Is it better to close at the end of the year or beginning of year?

The result is that you could get a higher return if you're willing to wait until after the new year to close. Closing at the beginning of the month will result in an additional month in which you won't have to make your mortgage payment. However, you are paying mortgage interest during this period and the total amount you'll owe on your mortgage will be the same as if you closed later that month. You'll pay for your house the same day as the alternative universe version of you, which closed later in the month, but you'll have paid hundreds of dollars in additional interest for that first month of occupancy that they didn't have to pay.

If there is a shortage of cash, closing as late in the month as possible may make economic sense. However, the later you close, the sooner your first full mortgage payment is due. There's a bit of strategy involved in obtaining a mortgage. You may want to keep your closing costs as low as possible, which usually means closing at the end of the month.

But if you close at the beginning of the month, you can postpone mortgage payments for longer. The best time of the month to close could depend on whether you're buying a new home or refinancing the house you already own. The best day to close a home purchase, or a mortgage refinance, is the last business day of the month, unless it falls on a Monday. Then, you should close the Friday before so you don't have to pay interest for a weekend.

Yes, our corner lot is slightly larger than the others. Yes, we have neighbors only on two sides instead of on three sides. But we have traffic on two sides of our house with virtually no privacy (until trees and hedges grow). In addition, we turn back with our car to a busy side street.

Corner lots are not a good deal. Builders who charge premiums for corner lots are taking advantage of inexperienced buyers like you, who aren't aware of difficulties A. Your mortgage broker gave you good advice. I agree with him, assuming he's 100 percent sure he'll sell the house five years from now.

If you keep the house for more than five years, the ARM will then adjust to the then-current index rate, plus the margin. Your loan could take a big leap up. Until more or less last year, I didn't recommend ARMs because their interest rates were too high compared to fixed-rate mortgages. But with indices falling, such as the cost of funds, treasury bills and LIBOR (London's interbank supply rate), ARMs that are fixed for three, five or even seven years are bargains.

However, most homeowners expect to stay longer, so they opt for fixed-rate mortgages. I do not recommend that you waive your legal rights to a jury trial, court rules of evidence, discovery rights, and right of appeal by now agreeing to arbitrate any future dispute with the seller. If a dispute arises later, you and the seller can agree to resort to arbitration at that time, if you so choose. I have read many arbitration decisions in which the arbitrator erred, for example, by not awarding an attorney's fees to the prevailing party, but the court cannot normally correct a bad arbitration decision.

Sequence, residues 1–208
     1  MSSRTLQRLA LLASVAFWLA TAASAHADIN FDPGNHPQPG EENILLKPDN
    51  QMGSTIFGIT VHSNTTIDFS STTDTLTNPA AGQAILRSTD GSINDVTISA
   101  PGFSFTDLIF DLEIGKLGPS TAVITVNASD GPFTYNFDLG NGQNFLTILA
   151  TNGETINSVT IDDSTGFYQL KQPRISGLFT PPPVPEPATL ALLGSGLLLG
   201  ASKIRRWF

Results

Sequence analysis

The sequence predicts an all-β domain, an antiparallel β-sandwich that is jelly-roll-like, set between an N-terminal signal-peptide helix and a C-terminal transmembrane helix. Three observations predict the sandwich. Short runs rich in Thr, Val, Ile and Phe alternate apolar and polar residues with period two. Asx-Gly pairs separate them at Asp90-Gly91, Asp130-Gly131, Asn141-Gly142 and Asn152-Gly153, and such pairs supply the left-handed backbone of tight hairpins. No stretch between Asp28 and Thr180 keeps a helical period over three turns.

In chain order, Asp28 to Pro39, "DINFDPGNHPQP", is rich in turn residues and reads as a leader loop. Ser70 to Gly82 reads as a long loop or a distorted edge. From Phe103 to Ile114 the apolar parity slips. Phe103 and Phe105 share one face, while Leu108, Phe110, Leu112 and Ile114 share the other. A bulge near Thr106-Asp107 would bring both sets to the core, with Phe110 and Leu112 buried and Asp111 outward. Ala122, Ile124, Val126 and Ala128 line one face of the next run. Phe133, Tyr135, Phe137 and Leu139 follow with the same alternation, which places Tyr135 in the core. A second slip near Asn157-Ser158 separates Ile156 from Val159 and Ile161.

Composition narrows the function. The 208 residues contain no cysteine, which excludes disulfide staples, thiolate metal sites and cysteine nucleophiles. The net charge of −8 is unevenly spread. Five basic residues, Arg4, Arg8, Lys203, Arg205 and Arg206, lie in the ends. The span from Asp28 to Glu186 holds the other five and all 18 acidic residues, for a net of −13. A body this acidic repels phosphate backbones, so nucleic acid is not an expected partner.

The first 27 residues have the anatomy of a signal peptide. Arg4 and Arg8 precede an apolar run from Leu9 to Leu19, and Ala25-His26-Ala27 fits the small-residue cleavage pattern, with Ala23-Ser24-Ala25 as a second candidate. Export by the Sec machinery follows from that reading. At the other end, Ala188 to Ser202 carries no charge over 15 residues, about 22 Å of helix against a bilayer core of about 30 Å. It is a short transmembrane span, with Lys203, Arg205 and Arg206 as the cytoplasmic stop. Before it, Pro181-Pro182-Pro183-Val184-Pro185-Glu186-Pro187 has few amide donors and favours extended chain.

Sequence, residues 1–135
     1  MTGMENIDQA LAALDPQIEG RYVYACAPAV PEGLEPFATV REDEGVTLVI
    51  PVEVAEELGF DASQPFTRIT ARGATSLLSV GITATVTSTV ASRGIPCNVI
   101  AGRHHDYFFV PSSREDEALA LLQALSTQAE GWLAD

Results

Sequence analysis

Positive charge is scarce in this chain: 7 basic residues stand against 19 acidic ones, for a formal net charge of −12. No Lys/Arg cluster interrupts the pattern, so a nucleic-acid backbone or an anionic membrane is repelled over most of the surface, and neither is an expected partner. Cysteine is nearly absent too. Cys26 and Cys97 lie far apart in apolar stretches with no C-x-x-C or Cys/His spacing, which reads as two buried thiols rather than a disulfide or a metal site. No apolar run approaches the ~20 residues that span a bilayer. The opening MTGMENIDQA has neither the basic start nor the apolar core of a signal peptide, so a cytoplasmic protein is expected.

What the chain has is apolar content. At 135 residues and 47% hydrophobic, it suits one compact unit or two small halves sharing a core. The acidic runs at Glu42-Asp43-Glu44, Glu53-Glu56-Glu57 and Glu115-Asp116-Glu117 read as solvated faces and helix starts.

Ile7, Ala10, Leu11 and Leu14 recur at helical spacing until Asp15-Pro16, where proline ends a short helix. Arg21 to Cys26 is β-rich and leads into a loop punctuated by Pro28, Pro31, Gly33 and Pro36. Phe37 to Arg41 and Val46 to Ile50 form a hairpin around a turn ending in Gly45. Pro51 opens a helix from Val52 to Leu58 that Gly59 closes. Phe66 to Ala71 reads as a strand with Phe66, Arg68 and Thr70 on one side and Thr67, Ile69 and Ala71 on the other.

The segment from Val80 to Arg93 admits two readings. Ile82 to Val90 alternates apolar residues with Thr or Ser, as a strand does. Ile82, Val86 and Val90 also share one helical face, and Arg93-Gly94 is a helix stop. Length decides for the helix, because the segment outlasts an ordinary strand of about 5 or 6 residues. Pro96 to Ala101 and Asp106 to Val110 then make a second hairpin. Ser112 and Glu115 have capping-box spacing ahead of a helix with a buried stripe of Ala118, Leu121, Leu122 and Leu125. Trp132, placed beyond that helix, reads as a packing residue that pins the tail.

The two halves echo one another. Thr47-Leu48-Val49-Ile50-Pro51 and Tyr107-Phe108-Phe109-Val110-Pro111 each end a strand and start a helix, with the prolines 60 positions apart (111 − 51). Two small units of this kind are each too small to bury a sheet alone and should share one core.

It doesn't make sense to give up your legal rights now by accepting binding arbitration in the future. Is it common for professional inspectors not to reach such conclusive conclusions? AT. You have a smart ad agent who recommended that you obtain a professional inspection report before listing your house for sale. I've done this many times and almost always liked the results, since I was able to correct any problem before the buyer's inspector discovered it.

Did you accompany the inspector? Buyers and sellers must always accompany their inspectors. Then I could have discussed the condition of the roof, instead of simply reading the inspector's report. Lenders should not be allowed to require borrowers to pay only for an appraiser in a company in which the lender has an ownership interest. The conflict of interest is obvious.

The lender can easily tell your appraiser to lower your valuation so that the loan-to-value ratio is greater than 80 percent and you can't pay off your PMI premium. Of course, be extremely friendly and courteous to the appraiser. In a friendly manner, ask the appraiser how much they think your house is worth. If the valuation is not high enough to cancel the PMI, hire your own authorized appraiser.

If that valuation justifies your expected valuation, then confront your lender with the facts. We've owned our home for 14 years. We refinanced our mortgage about two years ago to lower the interest rate. When we refinanced, we had to pay a flood certification fee, which said that our house is not in a flood zone that requires flood insurance.

Unfortunately, you are the victim of an unnecessary federal scam to increase the number of flood insurance policies and increase federal flood insurance premiums. Write and call your local congressman to express your displeasure. Flood maps are gradually being redrawn to include large areas, such as yours, where floods have never occurred. If you live near the Mississippi River or another river that floods frequently, you need flood insurance.

However, the Federal Emergency Management Authority (FEMA) needs more insurance revenues, so they are expanding flood zones to include more innocent homeowners like you. I've even received letters like yours from condominium owners on the fifth and sixth floors of their buildings, whose mortgage lenders told them to buy flood insurance, or. . .

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